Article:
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Survey: Consumers cynical about how organizations protect data

Security Identity Management Alert By Dave Kearns, Network World
September 20, 2011 06:09 AM ET
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A few weeks ago we examined some results from a survey ("Who's stealing your data?") commissioned by SailPoint. This week they've released more results from that effort focusing on financial institutions, retailers and healthcare organizations and the cynicism consumers express about how these organizations are protecting their data.

According to SailPoint's Market Pulse Survey, the majority of adults in the United States, Great Britain and Australia are worried about possible exposure of their personal information, and a large percentage of adults have lost confidence in how companies protect their personal information.

WARNING: HIPAA has teeth and will bite over healthcare privacy blunders

80% of Americans, 81% of Britons and 83% of Australians are concerned about moving their personal medical information to an electronic form. When asked about a healthcare organization managing their personal information electronically, respondents are most concerned about:

• Their identities being stolen (35% of Americans, 33% of Britons and 37% of Australians).

• Personal info being exposed on the Internet (29% of Americans, 26% of Britons and 30% of Australians).

• Personal information being viewed by persons not directly related to the patient's care (10% of Americans, 15% of Britons and 11% of Australians).

• The possibility of an employer learning about a private health condition (5% of Americans, 5% of Britons and 3% of Australians).

The survey also indicated that not only do security breaches at financial institutions or retailers severely impact customer loyalty, but a large percentage of consumers have lost confidence in the businesses they frequent. Consumers have a cynical view of their providers' security policies and view security breaches as commonplace. 16% of Americans, 24% of Britons and 26% of Australians report they would no longer do business with a bank, a credit card company or a retailer that had a security breach resulting in their personal information potentially being stolen. Within that group, a large percentage (10% of Americans, 14% of Britons and 16% of Australians) would also tell their family and friends not to do business with that organization.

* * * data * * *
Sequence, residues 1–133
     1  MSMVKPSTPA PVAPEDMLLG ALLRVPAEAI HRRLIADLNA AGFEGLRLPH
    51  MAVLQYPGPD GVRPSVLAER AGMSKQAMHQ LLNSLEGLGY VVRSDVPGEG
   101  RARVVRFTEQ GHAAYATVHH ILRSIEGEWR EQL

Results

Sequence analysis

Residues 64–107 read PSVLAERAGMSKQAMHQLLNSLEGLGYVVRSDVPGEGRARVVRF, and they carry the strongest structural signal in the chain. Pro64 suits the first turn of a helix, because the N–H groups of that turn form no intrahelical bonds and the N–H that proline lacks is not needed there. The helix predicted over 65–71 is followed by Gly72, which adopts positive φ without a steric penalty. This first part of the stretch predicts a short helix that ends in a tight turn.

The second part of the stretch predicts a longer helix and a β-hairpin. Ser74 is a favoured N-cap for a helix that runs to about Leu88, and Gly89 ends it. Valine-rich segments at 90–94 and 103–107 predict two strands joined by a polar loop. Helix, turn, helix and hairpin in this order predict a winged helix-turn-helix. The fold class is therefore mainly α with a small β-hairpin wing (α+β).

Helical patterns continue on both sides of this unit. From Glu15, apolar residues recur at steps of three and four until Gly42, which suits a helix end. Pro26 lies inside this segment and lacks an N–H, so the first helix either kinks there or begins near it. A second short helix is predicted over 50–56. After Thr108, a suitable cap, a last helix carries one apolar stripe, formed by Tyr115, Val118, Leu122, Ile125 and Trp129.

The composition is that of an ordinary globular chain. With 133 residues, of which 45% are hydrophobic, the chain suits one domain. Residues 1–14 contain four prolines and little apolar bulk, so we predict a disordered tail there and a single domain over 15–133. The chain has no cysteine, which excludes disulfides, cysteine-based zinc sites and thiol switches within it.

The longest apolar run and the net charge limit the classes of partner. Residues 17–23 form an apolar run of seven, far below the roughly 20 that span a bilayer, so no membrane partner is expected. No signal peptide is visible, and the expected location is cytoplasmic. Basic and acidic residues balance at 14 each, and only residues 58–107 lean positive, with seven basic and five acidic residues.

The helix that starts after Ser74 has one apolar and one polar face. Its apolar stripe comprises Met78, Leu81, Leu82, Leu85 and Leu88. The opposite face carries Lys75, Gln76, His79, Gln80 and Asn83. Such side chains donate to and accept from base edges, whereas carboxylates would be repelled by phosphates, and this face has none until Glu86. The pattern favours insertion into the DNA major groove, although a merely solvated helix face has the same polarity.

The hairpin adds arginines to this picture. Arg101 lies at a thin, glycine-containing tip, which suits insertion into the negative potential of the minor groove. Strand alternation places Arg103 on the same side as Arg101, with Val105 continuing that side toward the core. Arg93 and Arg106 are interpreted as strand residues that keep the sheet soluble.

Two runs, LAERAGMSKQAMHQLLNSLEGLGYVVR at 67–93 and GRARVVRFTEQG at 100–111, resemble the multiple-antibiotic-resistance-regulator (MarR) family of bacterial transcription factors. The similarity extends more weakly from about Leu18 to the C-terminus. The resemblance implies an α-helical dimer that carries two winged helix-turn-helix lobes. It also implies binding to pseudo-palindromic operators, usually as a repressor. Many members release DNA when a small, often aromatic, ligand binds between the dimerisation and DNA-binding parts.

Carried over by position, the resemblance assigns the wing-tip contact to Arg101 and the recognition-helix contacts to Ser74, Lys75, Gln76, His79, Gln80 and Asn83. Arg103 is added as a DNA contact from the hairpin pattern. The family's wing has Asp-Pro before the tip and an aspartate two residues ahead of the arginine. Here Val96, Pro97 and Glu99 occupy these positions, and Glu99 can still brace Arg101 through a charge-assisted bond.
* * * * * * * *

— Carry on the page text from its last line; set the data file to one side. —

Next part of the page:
I should point out that SailPoint is a major player in the data governance arena, and their IdentityIQ offering is one of the highest rated in the field. Check it for yourself.

If you happen to be in the vicinity of Brussels next Thursday, I'll be speaking at an EU sponsored event ("Reaping the benefits of eID in different business sectors within the EU and beyond"), and there are still a few places left for this free all-day conference.

Read more about security in Network World's Security section.

Dave Kearns is senior analyst for Kuppinger-Cole and editor of IdM, the Journal of Identity Management.

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